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Web browser privacy and security

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    • 1. Web browser privacy and security (I) March 21 st , 2006 Ricardo Villamarin-Salomon
    • 2. Outline
      • Web Browser In security
      • Informed Consent by Design
      • Hardening Web Browsers Against Man in the Middle and Eavesdropping Attacks
      • Participation
    • 3. Web Browser Insecurity
      • Targeted attacks on Web applications and Web browsers are increasingly becoming the focal point for cyber criminals.
        • Traditional attack activity : motivated by curiosity and a desire to show off technical virtuosity
        • Current threats are motivated by profit: identity theft, extortion, and fraud, for financial gain.
    • 4. Source : secunia.com Date: 2006-March-19 Original Idea : ZDNet.com Revision & Update (March 2006) : me Worry-free web?
    • 5. Web Browser vulnerabilities, vendor confirmed Source: Symantec Internet Security Threat Report (Vol. IX)
    • 6. Web Browser vulnerabilities, confirmed & non-confirmed by vendor Source: Symantec Internet Security Threat Report (Vol. IX)
    • 7. Some Common Vulnerabilities (CERT)
      • ActiveX Controls
      • Java applets (bypassing of sandbox’s restrictions)
      • Cross-Site Scripting (mainly faults of web sites)
        • e.g, http://host.com/modules.php?op=modload&name=XForum&file= [hostilejavascript] &fid=2
      • Cross-Zone and Cross-Domain Vulnerabilities
        • Prevention of a web site from accessing data in a different domain (or zone) is broken
      • Malicious Scripting, Active Content, and HTML
      • Spoofing As it relates to web browsers, spoofing is a term used to describe methods of faking various parts of the browser user interface.
    • 8. Informed Consent for Information Systems Batya Friedman, Peyina Lin, and Jessica K. Miller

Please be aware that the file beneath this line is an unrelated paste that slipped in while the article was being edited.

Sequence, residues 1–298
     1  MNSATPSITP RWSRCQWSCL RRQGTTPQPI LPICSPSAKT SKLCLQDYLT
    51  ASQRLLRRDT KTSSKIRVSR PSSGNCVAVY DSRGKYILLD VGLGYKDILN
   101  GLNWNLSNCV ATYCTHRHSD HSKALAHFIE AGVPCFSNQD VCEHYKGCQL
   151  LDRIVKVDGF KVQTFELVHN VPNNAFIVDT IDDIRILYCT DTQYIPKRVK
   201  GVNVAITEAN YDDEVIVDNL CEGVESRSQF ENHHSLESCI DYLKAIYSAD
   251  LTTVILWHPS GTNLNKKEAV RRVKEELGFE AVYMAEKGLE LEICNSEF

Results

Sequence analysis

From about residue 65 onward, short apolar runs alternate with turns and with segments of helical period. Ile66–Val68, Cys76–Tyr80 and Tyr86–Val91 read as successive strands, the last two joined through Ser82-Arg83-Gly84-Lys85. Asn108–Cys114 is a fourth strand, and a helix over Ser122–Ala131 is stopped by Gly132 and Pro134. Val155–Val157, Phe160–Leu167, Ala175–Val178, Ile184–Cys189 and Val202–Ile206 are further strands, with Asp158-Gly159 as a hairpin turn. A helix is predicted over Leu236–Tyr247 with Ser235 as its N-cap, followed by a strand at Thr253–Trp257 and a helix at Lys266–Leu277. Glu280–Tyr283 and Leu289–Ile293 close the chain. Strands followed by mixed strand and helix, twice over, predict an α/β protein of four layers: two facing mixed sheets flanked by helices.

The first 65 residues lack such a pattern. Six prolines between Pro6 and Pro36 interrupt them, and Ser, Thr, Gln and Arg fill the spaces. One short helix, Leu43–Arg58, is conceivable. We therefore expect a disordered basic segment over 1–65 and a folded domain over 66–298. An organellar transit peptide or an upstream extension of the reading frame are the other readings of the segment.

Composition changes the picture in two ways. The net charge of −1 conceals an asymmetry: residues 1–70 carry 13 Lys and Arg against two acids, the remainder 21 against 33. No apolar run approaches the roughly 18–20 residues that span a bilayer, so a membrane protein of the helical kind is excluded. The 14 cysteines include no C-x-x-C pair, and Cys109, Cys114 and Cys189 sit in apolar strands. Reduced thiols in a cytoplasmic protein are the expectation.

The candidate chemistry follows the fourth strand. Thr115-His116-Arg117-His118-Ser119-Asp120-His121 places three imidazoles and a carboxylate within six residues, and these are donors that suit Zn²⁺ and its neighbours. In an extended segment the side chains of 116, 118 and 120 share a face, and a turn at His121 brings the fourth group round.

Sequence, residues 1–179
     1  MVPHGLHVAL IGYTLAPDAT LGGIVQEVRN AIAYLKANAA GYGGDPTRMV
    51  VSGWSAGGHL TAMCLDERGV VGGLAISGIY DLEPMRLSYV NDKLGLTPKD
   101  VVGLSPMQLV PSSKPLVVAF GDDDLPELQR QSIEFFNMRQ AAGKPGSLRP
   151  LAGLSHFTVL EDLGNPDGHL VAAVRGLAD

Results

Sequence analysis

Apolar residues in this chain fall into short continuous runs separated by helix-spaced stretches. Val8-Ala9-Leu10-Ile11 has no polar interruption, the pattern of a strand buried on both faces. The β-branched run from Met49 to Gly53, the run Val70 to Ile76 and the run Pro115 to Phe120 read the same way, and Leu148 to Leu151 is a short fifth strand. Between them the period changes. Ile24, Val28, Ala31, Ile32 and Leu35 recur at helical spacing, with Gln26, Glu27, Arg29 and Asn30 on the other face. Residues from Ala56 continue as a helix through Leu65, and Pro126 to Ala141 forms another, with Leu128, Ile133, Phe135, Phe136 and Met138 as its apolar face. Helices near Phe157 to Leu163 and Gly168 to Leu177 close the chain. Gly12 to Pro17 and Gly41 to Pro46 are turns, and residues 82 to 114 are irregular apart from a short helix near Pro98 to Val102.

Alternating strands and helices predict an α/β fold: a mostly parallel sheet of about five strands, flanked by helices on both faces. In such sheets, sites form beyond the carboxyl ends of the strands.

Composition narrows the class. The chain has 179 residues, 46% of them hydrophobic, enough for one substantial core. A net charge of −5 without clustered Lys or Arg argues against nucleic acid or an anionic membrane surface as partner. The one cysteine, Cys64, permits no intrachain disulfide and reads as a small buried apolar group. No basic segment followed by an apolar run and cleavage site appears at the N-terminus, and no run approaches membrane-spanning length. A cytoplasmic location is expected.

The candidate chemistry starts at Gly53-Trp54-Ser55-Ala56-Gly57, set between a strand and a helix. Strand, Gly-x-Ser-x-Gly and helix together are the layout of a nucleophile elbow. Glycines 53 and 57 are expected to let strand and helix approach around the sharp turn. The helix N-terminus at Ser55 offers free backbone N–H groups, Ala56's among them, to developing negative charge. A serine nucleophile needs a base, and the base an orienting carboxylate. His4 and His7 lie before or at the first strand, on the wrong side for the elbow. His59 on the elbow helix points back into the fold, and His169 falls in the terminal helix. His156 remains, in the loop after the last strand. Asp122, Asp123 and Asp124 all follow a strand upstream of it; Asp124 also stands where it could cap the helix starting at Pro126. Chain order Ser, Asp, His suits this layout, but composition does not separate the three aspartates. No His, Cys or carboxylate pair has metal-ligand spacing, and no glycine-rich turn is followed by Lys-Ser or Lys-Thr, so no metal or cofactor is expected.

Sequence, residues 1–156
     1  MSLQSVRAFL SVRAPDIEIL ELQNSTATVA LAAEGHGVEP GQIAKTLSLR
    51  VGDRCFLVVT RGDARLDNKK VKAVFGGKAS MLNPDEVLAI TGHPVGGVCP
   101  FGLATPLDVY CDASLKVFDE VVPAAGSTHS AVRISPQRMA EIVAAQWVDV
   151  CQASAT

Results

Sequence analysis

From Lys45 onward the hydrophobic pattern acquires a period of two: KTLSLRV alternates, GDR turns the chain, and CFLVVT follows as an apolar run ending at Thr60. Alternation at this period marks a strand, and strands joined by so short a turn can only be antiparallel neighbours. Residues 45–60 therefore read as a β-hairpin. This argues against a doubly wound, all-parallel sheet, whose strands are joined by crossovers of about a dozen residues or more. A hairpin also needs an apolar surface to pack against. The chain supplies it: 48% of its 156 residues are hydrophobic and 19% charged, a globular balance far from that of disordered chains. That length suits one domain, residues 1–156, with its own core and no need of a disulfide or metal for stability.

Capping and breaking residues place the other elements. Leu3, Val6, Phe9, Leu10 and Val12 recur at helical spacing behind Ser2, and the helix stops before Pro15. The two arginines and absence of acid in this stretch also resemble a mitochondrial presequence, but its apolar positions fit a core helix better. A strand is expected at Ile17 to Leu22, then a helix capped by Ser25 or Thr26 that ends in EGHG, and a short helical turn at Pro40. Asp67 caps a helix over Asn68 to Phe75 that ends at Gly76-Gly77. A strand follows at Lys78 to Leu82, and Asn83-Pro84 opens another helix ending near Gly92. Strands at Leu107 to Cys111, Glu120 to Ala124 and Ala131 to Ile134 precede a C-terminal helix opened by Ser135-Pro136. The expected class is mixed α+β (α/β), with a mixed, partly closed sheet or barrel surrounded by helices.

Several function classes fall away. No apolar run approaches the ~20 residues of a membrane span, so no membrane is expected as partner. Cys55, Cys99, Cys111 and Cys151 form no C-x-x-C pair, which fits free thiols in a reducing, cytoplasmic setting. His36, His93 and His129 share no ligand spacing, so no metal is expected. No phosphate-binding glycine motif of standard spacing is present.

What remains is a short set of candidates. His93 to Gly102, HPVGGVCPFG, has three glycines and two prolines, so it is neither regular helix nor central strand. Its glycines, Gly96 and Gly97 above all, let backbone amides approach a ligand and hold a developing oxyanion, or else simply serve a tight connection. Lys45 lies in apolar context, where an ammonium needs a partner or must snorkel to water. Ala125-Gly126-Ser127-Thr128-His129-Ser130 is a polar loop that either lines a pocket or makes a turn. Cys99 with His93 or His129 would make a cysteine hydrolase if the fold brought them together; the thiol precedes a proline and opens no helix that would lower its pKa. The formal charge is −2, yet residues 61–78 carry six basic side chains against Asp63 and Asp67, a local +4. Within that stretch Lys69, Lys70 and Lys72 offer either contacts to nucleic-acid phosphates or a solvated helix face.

• 9. Value Sensitive Design
      • Design of Information and Computer Systems that accounts for human values
      • Value Sensitive Design is an interactional theory
        • In general, we don’t view values as inherent in a given technology
        • However, we also don’t view a technology as value-neutral
        • Rather, some technologies are more suitable than others for supporting given values
      • Key task of VSD: Investigate these “value suitabilities” (along with what values and whose values)
      © Batya Friedman 2003
    • 10. VSD’s Tripartite Methodology
      • Conceptual investigations
        • Philosophically informed analyses of the values and value conflicts involved in the system
      • Technical investigations
        • Identify existing or develop new technical mechanisms; investigate their suitability to support or not support the values we wish to further
      • Empirical investigations
        • Using techniques from the social sciences, investigate issues such as: Who are the stakeholders? Which values are important to them? How do they prioritize these values?
      • These are applied iteratively and integratively
      © Batya Friedman 2003
    • 11. Direct and Indirect Stakeholders
      • Direct stakeholders: Interact with the system being designed and its outputs
      • Indirect stakeholders: Don’t interact directly with the system, but are affected by it in significant ways
      © Batya Friedman 2003
    • 12. Model of Informed Consent for Information Systems
      • Disclosure
      • Comprehension
      • Voluntariness
      • Competence
      • Agreement
      • Minimal Distraction
    • 13. NS 3.04 Cookie Warning Dialog Box
    • 14. NS 4.03 Cookie Settings
    • 15. IE 4.0 Cookie Warning Dialog Box
    • 16. IE 5.0 Custom Cookie Settings
    • 17. The Unique Role of the Web Browser
      • Browser software mediates communication between a client (typically an end user) and a server
      • After a remote site has exercised a capability, the Web browser software has no control over what the remote site does with the information or other actions that the site may take.
    • 18. The Unique Role of the Web Browser